Global oil prices are experiencing their biggest price surge since 1991 after attacks on the world’s largest oil refinery in Saudi Arabia in the early morning of Saturday. “Iran-allied Houthi rebels in neighboring Yemen claimed credit for the attack, saying they sent 10 drones to strike at important facilities in Saudi Arabia’s oil-rich Eastern Province,” the Wall Street Journal reported shortly after black smoke filled the air over Saudi Arabia’s Abqaiq processing plant.
The quick takeaway from all this: “The strikes shut down half of the kingdom’s crude production on Saturday,” the Journal writes, “potentially roiling petroleum prices and demonstrating the power of Iran’s proxies.”
The loss of 4.9 million barrels/day — 5% of global crude output — sent prices up 19%, the largest increase since the 1991 Gulf War, according to Reuters. The Associated Press goes even further, calling the weekend attacks “the worst disruption to world supplies on record.”
Houthis: more attacks are coming: “We assure the Saudi regime that our long arm can reach any place we choose and at the time of our choosing,” Houthi spokesman Yahya Sarea tweeted. “We warn companies and foreigners against being near the plants that we struck because they are still in our sights and could be hit at any moment.”
Worth noting: We could learn more soon about the attack vector, since AP reports today “U.S. officials said additional devices, which apparently didn’t reach their targets, were recovered northwest of the facilities and are being jointly analyzed by Saudi and American intelligence.”
Given the extent of disruption to supplies, U.S. Energy Secretary Rick Perry’s department announced this morning that the U.S. “stands ready to deploy resources from the Strategic Petroleum Oil Reserves if necessary to offset any disruptions to oil markets.” And that will be helpful since two Saudi Aramco sources tell Reuters “it might take months for Saudi oil production to return to normal” when “Earlier estimates had suggested it could take weeks.”
That U.S. decision to dangle the reserves option eased prices today, since, at one point over the weekend, Brent crude had jumped to $71.95 a barrel. This morning it has dropped back a bit to $66.26.
U.S.: It’s wasn’t the Houthis, it was Iran. That’s what President Donald Trump said*, and so did Secretary of State Mike Pompeo, and Energy Secretary Rick Perry.
The White House released satellite imagery illustrating “19 points of impact” at the Aramco facilities, and U.S. officials allege the imagery shows “the attacks had come from a west-north-west direction — not Houthi-controlled territory in Yemen, which lies to the south-west of the Saudi oil facilities,” the BBC reports today, embedding a few of the images. “A close-up image of damaged tanks at the Abqaiq processing plant (included above) appeared to show impact points on the western side.”
Unnamed U.S. officials allege armed drones and cruise missiles did the damage across Abqaiq and Khurais oilfield, a bit to the west, according to the New York Times. “There’s no doubt that Iran is responsible for this. No matter how you slice it, there’s no escaping it. There’s no other candidate,” said one U.S. official who wouldn’t give his or her name to Reuters on Sunday.
Notable countries not yet pointing the finger at Iran: the UK, as well as Russia, and China.
Iran’s reax? Accuse U.S. officials of “max[imum] deceit,” as Foreign Minister Javad Zarif tweeted on Sunday, writing, “US & its clients are stuck in Yemen because of illusion that weapon superiority will lead to military victory. Blaming Iran won't end disaster. Accepting our April '15 proposal to end war & begin talks may.”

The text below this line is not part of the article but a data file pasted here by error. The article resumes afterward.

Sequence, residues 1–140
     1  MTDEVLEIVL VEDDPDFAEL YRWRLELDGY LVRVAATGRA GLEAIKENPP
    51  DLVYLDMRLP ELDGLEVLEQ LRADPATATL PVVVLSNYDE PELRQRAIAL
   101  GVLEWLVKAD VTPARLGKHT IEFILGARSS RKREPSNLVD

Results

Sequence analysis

So what can Trump do? He “has few options” and he’s working with a “depleted national-security team,” the WSJ reports this morning in its now-what take.
Sen. Lindsey Graham, R-S.C., wants to see some war plans against Iran, he tweeted Saturday: "The Iranian regime is not interested in peace - they’re pursuing nuclear weapons and regional dominance. It is now time for the U.S. to put on the table an attack on Iranian oil refineries if they continue their provocations or increase nuclear enrichment."
Graham’s Democratic colleague, Sen. Bob Menendez, was angry, too, over the attacks. But he stopped short of wanting to see a plan for military action, tweeting Sunday, “I strongly condemn the brazen attacks on Saudi infrastructure and territory. Despite some ongoing policy differences with the kingdom, no nation should be subjected to these kinds of attacks on it soil and against its people.”
Meanwhile, Iranian forces just seized another ship in the Persian Gulf, this time “for allegedly smuggling 250,000 litres of diesel fuel to the United Arab Emirates,” Reuters reports from Dubai. According to Iran’s semi-official Students News agency ISNA, the ship “was detained near Iran’s Greater Tunb island in the Persian Gulf...the crew have been handed over to legal authorities in the southern Hormozgan province.” Tiny bit more to that developing story, here.
From Defense One
Northrop Announces Suppliers For New ICBM. Boeing is Not on the List // Marcus Weisgerber: Just days ago, Boeing said Northrop rejected its offer to jointly build the new nuclear weapons.
It's Time for NATO to Engage in the Arctic // Anna Weislander of the Arctic Council: If you thought the alliance was already involved in the High North, you're not alone. But as great power presence turns hotter, it's time to get in the game.
Mike Pompeo Is Bigger Than the Pentagon — For Now // Katie Bo Williams: “I think that Pompeo is now running foreign policy in the Trump administration in the way that Cheney ran it in the Bush administration,” said one analyst.
Pentagon’s Former Top Hacker Wants His Startup to Inject Some Silicon Valley into the Defense Industry // Patrick Tucker: If the nerds don’t show up and work on the mission of national defense...then I’m not sure who will, says Chris Lynch, of Rebellion Defense.